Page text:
Suzuki’s strength in Australia for many decades was in small cars and capable 4WDs. Then in January 2010, it made the interesting move into medium size cars.
Kizashi is a stylish car with a powerful appearance that gives a solid look of sportiness. Then in August 2010 the Suzuki Kizashi Sport arrived. As befits its title this Kizashi has a full-on sports body kit, 18-inch alloys and lowered ride height that further enhanced it’s already strong appearance.
It took the European route of being offered with all-wheel drive for better traction on slippery surfaces. Ice, snow or rain. However it’s an AWD, not a 4WD as in Suzuki SUVs.
However, the so-called Sport is heavier than the standard front-wheel-drive, but has no more power so is slower in a straight line.
The 2.4-litre engine petrol four produces 131 kilowatts of power and 230 Newton metres of torque. This is a relatively large car so performance is adequate rather than exciting.
Transmission is by a six-speed manual or CVT automatic. The former was never particularly popular and you may be able to pick one up for a pretty reasonable price.
In August 2013 the emphasis on sporty looks was further enhanced by the fitment of the body kit used on the Sport model was installed on all models.
Suzuki Kizashi is relatively tall and provides good interior room. There’s better than average legroom in the back seat and four adults can be carried in comfort. Headroom is fine in the standard models but the sunroof in the topline Kizashis steals a fair bit of height from the back seat.
Interior stowage space is good, with large door pockets and several other areas to hold all the little nick-nacks that seem to travel everywhere with us.
Boot space is impressive thanks to the tall tail design and the opening is reasonably wide. However, you may find it difficult to get some really bulky items in.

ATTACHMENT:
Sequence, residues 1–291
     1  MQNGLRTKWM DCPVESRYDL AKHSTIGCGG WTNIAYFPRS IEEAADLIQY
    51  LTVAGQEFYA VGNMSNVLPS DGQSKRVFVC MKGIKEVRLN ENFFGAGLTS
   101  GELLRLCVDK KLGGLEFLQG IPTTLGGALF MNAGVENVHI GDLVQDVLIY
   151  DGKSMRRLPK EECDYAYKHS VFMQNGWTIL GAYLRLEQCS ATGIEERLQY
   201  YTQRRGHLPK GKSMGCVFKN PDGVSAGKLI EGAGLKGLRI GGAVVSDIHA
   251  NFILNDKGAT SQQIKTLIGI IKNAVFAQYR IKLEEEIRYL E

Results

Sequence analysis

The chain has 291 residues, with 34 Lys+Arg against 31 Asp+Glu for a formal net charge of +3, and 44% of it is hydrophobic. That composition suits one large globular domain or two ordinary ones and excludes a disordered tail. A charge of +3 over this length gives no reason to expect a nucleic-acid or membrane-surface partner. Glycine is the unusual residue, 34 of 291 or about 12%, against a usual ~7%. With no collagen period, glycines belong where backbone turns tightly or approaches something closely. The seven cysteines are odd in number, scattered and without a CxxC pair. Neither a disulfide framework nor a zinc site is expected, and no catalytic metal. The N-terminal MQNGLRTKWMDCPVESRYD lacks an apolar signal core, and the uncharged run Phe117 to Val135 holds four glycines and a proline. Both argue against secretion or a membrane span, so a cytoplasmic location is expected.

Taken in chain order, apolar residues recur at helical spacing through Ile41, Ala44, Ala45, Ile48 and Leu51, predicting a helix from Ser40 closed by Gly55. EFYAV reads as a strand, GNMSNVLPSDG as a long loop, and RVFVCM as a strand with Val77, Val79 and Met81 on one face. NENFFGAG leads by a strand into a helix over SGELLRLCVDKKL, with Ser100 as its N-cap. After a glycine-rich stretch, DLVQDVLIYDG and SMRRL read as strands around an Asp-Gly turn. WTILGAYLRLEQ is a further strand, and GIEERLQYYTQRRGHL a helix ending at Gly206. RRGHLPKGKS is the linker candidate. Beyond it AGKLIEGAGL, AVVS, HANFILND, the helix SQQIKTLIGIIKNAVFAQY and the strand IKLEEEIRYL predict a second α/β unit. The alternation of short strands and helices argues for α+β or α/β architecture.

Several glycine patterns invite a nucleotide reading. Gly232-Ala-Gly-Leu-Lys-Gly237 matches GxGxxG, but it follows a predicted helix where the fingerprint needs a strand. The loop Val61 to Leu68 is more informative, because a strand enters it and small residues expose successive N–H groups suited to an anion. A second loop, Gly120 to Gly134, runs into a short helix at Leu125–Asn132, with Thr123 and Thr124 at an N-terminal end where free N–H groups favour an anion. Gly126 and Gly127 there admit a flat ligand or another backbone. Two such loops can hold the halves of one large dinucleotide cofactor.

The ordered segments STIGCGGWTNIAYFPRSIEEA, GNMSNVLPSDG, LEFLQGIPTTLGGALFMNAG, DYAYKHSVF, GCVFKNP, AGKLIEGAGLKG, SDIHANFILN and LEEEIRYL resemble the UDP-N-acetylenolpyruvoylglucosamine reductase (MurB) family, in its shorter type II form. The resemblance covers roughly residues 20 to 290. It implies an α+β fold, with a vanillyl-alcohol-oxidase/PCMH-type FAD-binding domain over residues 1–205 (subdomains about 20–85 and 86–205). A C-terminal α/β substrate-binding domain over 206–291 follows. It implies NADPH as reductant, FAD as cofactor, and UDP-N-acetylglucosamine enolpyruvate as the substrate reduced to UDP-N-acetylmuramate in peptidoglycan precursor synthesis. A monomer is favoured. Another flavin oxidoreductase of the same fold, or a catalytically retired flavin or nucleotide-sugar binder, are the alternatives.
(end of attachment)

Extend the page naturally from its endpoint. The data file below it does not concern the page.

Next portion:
On the road the Suzuki Kizashi feels almost European in the strength of the body. Ride comfort remains good even on rough roads and tyre/road noise are generally well subdued, though coarse-chip surfaces do raise noise levels significantly.
There is a fair number of Suzuki dealers Australian wide and the big success of the 4WD models mean there are more dealers in country and bush areas than for many other makers in a this market segment.
Insurance premiums for the Kizashi vary more than usual for this class, possibly because low sales mean that companies have statistically different experiences with them. Shop around for a good deal, but make sure you’re doing accurate comparisons.
If you are keen to get the high build quality of a Japanese vehicle, but like the chassis dynamics of a European one then a Suzuki Kizashi should be on your short list of cars.
WHAT TO LOOK FOR
Kizashi is a well built vehicle with a solid reputation but it still makes sense to have a professional inspection. Should you wish to do an initial inspection yourself look for the following:
Crash damage or signs of repairs, the easiest things for amateurs to spot are ripples in the body panels when viewed end on in good light; tiny paint spots on unpainted areas like glass, badges and trim.
Uneven wear on the front tyres and/or damage to the wheel rims probably indicates poor parking, but may also have been caused by a crash.
Check the condition of the interior trim, particularly in the rear seat area where it may have been knocked about by the kids.
Be sure the engine starts easily and settles into a smooth idle within a few seconds of kicking over. Ideally, do this check with the engine stone cold after an overnight stop.
The CVT automatic should be smooth and easy in operation. If you feel it’s not in the correct ratio for the conditions it might be worthwhile getting CVT expert to check it out.
Manual gearboxes that crunch on fast downchanges may be due for major repairs.
Budget on paying from $4000 to $7500 for a 2010 Suzuki Kizashi XL; $6000 to $9500 for a 2012 Touring; $7500 to $12,000 for a 2011 Sport AWD; $9000 to $14,000 for a 2013 Sport AWD; $10,000 to $15,000 for a 2015 Touring; $11,000 to $16,000 for a 2016 Sport Touring; $13,000 to $19,000 for a 2015 Sport; and $15,000 to $21,000 for a 2016 Sport AWD.
CAR BUYING TIP
Buying a vehicle that’s out of the ordinary? Be aware that it could be difficult to sell a few years down the track.
RECALLS: To browse recalls on all vehicles go to the ACCC at: www.productsafety.gov.au/products/transport/cars/